News & Comment
Forest response to consultation on Public Health (Wales) Bill
Sat 5th September, 2015
Forest's submission to the consultation on the Public Health (Wales) Bill which closed on September 4 includes strong criticism of plans to ban the use of e-cigarettes in all enclosed public places.
The Bill being introduced by the National Assembly of Wales includes proposals to ban the use of nicotine inhaling devices, including e-cigarettes, in enclosed spaces like restaurants, pubs and at work. Shops will also have to join a register for retailers of tobacco and nicotine products, and it will become an offence to “hand over” tobacco and e-cigarettes to anyone under the age of 18.
Responding to questions about these issues, Forest's submission included the following answers:
Do you agree that the use of e-cigarettes should be banned in enclosed public and work places in Wales, as is currently the case for smoking tobacco?
No. There is no evidence that the use of e-cigarettes is harmful to anyone. At worst the health risks of vaping are significantly less than the health risks associated with smoking. There is also no evidence that bystanders are at any risk from exposure to the vapour exhaled by consumers. We therefore object strongly to nationally imposed restrictions on the use of e-cigarettes in enclosed public places.
Vapers are almost exclusively smokers who wish to cut down or quit or are looking for an alternative nicotine delivery system in places where smoking is banned. Given the lack of evidence that the use of electronic cigarettes is harmful to (a) the user and (b) bystanders and the significant uptake in vaping among smokers, many of whom are using the product in an attempt to cut down or quit smoking, it would be hugely counterproductive to the stated aims of tobacco control to discourage the use of e-cigarettes in public places.
The exhalation or smell of vapour may, in a small enclosed space, be offensive to some people but that is insufficient reason to ban the use of e-cigarettes in enclosed public places. Landlords, proprietors and other employers must be allowed to decide on a policy that best suits their business, including the interests of staff and customers. In terms of evidence, we draw your attention to the ASH (London) briefing paper on e-cigarettes (November 2014) that declares:
'In the UK smokefree legislation exists to protect the public from the demonstrable harms of secondhand smoke. ASH does not consider it appropriate for electronic cigarettes to be subject to this legislation, but that it should be for organisations to determine on a voluntary basis how these products should be used on their premises.'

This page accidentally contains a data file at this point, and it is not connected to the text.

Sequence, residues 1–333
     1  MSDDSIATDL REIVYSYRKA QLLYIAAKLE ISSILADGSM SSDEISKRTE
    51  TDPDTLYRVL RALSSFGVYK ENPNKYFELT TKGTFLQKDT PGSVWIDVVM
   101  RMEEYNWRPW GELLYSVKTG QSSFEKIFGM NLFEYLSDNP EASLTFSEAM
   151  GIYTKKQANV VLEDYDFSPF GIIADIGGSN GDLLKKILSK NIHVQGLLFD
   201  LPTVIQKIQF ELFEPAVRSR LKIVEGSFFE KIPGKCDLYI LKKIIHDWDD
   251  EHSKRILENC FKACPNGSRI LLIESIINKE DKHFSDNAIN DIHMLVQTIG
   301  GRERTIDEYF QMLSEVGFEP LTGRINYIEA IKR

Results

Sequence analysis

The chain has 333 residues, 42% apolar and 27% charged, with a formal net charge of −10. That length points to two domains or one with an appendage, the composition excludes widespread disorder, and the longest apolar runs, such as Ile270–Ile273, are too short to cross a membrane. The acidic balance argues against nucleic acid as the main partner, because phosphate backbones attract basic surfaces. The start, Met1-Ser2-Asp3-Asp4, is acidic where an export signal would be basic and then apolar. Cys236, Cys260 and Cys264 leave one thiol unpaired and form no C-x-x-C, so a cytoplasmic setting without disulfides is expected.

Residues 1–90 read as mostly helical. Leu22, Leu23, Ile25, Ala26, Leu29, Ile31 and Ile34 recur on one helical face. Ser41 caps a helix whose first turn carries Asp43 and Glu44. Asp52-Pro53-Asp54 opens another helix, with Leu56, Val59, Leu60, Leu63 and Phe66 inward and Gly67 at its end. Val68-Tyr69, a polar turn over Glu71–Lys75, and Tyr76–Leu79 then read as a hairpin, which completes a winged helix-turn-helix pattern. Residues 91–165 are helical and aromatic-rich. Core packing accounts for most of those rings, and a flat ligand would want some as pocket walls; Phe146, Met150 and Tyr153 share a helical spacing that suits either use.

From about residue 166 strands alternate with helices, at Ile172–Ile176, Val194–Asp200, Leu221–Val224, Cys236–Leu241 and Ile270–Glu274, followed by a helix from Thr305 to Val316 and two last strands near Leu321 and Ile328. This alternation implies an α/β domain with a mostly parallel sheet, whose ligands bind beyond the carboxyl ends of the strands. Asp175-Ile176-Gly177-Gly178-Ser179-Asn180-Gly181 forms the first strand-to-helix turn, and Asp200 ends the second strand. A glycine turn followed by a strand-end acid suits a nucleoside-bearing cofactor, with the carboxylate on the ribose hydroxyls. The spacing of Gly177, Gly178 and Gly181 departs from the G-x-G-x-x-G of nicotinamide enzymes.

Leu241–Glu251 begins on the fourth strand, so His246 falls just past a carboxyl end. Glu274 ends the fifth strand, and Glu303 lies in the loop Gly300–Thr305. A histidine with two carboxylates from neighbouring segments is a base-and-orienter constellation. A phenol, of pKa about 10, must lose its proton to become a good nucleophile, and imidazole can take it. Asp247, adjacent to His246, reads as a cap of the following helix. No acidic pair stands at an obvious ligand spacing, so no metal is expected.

We do not agree with ASH about the alleged dangers of secondhand smoke, which we believe have been greatly exaggerated. We do however agree that banning the use of e-cigarettes in enclosed public places would be highly inappropriate and, in our opinion, counter-productive if the Government’s aim is to reduce the number of people who smoke combustible cigarettes.
Do you believe the provisions in the Bill will achieve a balance between the potential benefits to smokers wishing to quit with any potential dis-benefits related to the use of e-cigarettes?
No. If the goal of government is to reduce the number of people who smoke or encourage people to quit it makes no sense to ban the use of electronic cigarettes in enclosed public places, including pubs and clubs, or introduce unnecessary regulations that might restrict their sale or promotion. There is a very real danger that over-regulation could destroy a potentially game-changing product in its infancy.
Do you have any views on whether the use of e-cigarettes re-normalises smoking behaviours in smoke-free areas, and whether, given their appearance in replicating cigarettes, inadvertently promote smoking?
There is no evidence that the use of e-cigarettes re-normalises smoking, nor is there is evidence that e-cigarettes provide a gateway to tobacco. With few exceptions, the overwhelming majority of e-cig users are existing smokers, many of whom are trying to cut down or quit tobacco, or ex-smokers who are seeking an alternative nicotine delivery device.